A party, in replying to a preceding pleading, shall affirmatively set forth his defenses to the opposing party’s complaint. Rule 8(c), SCRCP. “Every defense, in law or fact, to a cause of action in any pleading… shall be asserted in the responsive pleading thereto....” Rule 12(b), SCRCP.  Generally, affirmative defenses to a cause of action in any pleading must be asserted in a party’s responsive pleading. Strickland v. Strickland, 375 S.C. 76, 85, 650 S.E.2d 465, 470 (2007) (citing Wright v. Craft, 372 S.C. 1, 20-21, 640 S.E.2d 486, 497 (Ct. App. 2006)).  Statutory prohibition is in the nature of an affirmative defense precluding enforcement of a contract and should be pled.  Costa and Sons Const. Co. v. Long, 306 S.C. 465, 469, 412 S.E.2d 450, 453 (Ct. App. 1991) (citing Rule 8(c), SCRCP).

“The failure to plead an affirmative defense is deemed a waiver of the right to assert it.”  Whitehead v. State, 352 S.C. 215, 220, 574 S.E.2d 200, 202 (2002).  Rule 15(b), SCRCP, provides an exception to the waiver rule by permitting a party to amend his pleadings to conform to the evidence.  No such motion was ever made by Bradford.  We find Bradford should not be able to argue for a potential benefit from an affirmative defense without his being required to affirmatively plead it.  See Parrish v. Allison, Op. No. 4322 (S.C. Ct. App. Filed Dec. 19, 2007) (Shearouse Adv. Sh. No. 43 at 58), 656 S.E.2d 382 (Ct. App. 2007).  We affirm the trial court’s denial of the motion on this basis.[4]

II.  Extension of Closing Date

Bradford next contends the trial court erred in ruling that by his action, conduct, and written word, Bradford agreed to extend the closing date beyond October 28, 2003.  We disagree. 

“A written contract may be modified by the parties thereto in any manner they choose, notwithstanding, agreement prohibiting its alteration except in a particular manner.”  Evatt v. Campbell, 234 S.C. 1, 6-7, 106 S.E.2d 447, 450 (1959).  Additionally: 

It is well established in this state that time is not of the essence of a contract to convey land unless made so by its terms expressly or by implication. When the contract does not include a provision that “time is of the essence,” the law implies that it is to be done within a reasonable time. In equity, strict compliance with time limits contained in a contract will not ordinarily be enforced, except with regard to option contracts.

Faulkner v. Millar, 319 S.C. 216, 219-20, 460 S.E.2d 378, 380 (1995) (citations omitted).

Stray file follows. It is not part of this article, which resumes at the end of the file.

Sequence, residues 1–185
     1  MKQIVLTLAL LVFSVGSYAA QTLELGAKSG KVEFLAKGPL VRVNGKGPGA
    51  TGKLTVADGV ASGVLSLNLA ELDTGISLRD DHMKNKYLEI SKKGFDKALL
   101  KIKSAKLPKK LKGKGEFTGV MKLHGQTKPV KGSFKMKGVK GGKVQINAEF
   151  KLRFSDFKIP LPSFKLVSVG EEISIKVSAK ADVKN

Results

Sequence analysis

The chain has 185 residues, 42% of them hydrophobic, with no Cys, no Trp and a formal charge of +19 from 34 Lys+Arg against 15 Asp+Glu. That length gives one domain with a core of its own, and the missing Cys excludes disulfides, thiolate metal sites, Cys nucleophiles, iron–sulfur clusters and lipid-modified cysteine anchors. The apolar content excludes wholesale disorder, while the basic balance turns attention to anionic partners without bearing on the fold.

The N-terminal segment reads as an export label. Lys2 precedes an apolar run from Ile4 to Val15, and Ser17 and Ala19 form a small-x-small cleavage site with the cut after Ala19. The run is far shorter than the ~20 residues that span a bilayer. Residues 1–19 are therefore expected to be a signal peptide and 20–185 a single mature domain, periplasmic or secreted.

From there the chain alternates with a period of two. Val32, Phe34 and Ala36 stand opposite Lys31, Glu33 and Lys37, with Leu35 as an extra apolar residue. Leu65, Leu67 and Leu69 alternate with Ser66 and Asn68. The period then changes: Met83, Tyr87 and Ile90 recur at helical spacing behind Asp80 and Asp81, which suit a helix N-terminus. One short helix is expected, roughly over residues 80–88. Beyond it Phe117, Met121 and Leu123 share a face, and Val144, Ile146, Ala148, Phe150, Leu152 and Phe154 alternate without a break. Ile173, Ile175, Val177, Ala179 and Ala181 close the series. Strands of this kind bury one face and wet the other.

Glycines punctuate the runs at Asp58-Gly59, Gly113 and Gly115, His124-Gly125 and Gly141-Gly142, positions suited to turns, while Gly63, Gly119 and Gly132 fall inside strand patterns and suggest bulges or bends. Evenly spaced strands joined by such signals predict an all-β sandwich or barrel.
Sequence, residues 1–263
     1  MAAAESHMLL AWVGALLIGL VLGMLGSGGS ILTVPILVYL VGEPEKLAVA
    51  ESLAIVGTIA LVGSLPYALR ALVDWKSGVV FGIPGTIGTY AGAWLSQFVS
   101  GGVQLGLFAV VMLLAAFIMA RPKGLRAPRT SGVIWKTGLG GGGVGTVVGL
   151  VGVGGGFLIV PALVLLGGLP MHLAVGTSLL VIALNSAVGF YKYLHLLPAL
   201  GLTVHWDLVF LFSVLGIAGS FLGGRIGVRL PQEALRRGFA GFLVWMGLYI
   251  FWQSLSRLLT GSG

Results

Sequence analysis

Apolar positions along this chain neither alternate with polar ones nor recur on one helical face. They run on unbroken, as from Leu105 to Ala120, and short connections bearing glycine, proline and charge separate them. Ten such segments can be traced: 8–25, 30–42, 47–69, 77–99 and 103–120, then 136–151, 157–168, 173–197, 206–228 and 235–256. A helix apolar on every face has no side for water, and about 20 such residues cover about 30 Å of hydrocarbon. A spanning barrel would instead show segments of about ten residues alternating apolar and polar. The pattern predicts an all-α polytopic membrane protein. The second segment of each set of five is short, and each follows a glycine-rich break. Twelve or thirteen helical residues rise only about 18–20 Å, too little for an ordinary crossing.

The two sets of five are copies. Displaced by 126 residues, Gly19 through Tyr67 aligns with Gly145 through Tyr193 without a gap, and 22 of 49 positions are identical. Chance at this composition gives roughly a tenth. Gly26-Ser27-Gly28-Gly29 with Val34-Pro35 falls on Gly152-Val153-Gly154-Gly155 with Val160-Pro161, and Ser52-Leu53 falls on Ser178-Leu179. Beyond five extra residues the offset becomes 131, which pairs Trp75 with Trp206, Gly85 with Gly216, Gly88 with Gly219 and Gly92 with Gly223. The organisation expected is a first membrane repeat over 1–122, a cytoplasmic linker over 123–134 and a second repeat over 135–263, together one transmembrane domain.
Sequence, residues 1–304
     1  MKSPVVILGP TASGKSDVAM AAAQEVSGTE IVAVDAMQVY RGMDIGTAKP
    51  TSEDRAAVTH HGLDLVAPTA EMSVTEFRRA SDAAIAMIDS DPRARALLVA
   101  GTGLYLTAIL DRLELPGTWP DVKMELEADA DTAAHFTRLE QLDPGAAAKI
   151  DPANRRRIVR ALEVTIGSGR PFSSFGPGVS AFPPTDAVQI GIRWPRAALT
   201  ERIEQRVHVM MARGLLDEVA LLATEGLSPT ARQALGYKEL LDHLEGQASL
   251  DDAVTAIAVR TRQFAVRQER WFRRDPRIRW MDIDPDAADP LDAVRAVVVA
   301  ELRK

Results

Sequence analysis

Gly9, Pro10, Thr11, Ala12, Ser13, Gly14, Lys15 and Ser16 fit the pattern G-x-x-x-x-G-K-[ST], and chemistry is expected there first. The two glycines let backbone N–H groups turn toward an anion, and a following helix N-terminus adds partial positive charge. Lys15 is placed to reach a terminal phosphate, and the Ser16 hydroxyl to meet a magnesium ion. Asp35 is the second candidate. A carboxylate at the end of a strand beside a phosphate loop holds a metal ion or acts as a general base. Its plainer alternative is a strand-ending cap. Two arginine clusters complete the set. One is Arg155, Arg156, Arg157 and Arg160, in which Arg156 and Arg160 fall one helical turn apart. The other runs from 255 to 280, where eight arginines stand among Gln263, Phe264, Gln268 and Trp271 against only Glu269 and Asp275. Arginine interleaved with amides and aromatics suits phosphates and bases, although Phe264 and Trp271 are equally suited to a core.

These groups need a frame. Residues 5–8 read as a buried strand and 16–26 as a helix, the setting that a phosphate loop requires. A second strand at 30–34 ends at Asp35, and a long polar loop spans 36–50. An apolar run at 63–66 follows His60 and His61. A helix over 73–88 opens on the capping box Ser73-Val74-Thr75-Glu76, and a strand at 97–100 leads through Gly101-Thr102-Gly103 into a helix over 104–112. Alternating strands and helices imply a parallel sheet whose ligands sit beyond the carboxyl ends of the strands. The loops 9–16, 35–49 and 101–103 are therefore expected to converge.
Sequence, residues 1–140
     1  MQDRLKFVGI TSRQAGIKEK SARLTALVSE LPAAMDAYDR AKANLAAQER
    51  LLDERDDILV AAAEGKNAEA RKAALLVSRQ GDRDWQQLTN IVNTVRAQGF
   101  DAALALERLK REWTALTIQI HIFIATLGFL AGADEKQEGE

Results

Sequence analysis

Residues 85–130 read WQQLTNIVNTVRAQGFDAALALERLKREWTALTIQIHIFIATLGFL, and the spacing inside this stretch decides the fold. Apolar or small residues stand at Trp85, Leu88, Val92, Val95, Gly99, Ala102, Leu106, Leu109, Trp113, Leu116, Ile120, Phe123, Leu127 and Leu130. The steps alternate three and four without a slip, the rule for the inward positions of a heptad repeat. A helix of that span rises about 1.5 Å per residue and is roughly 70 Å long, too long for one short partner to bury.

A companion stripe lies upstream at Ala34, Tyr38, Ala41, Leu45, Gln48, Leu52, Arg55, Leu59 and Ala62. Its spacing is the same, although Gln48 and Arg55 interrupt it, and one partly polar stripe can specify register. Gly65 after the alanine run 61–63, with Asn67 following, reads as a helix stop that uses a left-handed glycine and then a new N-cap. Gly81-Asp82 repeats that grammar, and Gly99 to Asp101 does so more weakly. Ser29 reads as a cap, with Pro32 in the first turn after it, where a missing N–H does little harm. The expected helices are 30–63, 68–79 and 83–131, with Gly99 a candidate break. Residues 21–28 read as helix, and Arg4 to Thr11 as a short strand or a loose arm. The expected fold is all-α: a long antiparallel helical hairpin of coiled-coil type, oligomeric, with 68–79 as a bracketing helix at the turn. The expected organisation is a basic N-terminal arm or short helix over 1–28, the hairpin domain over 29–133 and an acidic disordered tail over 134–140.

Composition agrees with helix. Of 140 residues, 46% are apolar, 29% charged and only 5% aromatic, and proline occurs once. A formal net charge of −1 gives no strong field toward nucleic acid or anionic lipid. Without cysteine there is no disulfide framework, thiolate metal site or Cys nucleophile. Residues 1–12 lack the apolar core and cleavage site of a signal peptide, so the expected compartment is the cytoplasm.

The determination of whether Bradford’s actions constituted waiver is a question of fact.  See Hobgood v. Pennington, 300 S.C. 309, 314, 387 S.E.2d 690, 693 (Ct. App. 1989) (“Where time is not originally of the essence, it may be made so by one party giving notice to the other that he will insist on performance by a certain date, provided the time allowed by the notice is reasonable, which is a question of fact for the jury depending on the circumstances of the particular case.”);  Atkinson v. Atkinson, 279 S.C. 454, 455, 309 S.E.2d 14, 15 (Ct. App. 1983) (stating a finding of fact depends on a court’s decision of “whether a certain event either did or did not occur or that a particular circumstance either did or did not exist.”)  Therefore, the issue before us is whether the trial court’s finding, that Bradford’s conduct waived strict compliance, is reasonably supported by evidence contained in the record.  Epworth Children’s Home v. Beasley, 365 S.C. 157, 164, 616 S.E.2d 710, 714 (2005).  We find the record contains such support. 

Although the Contract stated the “Closing Date shall be October 15, 2002,” it did not indicate time was of the essence.  Additionally, the Contract stated, “[b]uyer shall notify Seller or listing agent in writing, by 12:00 noon 10 days from date Buyer is notified house is complete of any deficiencies revealed by inspection.”  The Bradfords entered into the Contract understanding a lot of work still needed to be completed on the House.    Furthermore, Clyde Madren testified he told the Bradfords, “[W]ith any renovation, when you get into it, you don’t know what you’re going to find beyond the next wall, and there, there could be some slow downs.”  From the beginning the Bradfords knew the completion of the renovations would actually set the closing date. 

Numerous emails between the parties also evidence the agreed upon changes in the closing dates.  In one particular example, on October 21, 2002, seven days after the closing date of the Contract, Bradford emailed Nancy Madren after his mortgage company’s appraiser had not finished the appraisal.  Bradford wrote, “[i]n light of this, doesn’t look like we can close this week.  Monday the 28th is the earliest target.”  In another email Bradford wrote, “[w]hen you have a schedule for finishing the remaining items, please furnish it, and your estimated closing date so we can set up another.” (emphasis added).  On October 31, 2002, the Madrens notified Bradford the renovations were complete and the house was ready for a walk-through.  In response, Bradford sent an email stating he and his wife decided against purchasing the House.  By this time, the Madrens had complied with Bradford’s many renovation requests.  Consequently, Bradford’s own requests further delayed the closing date.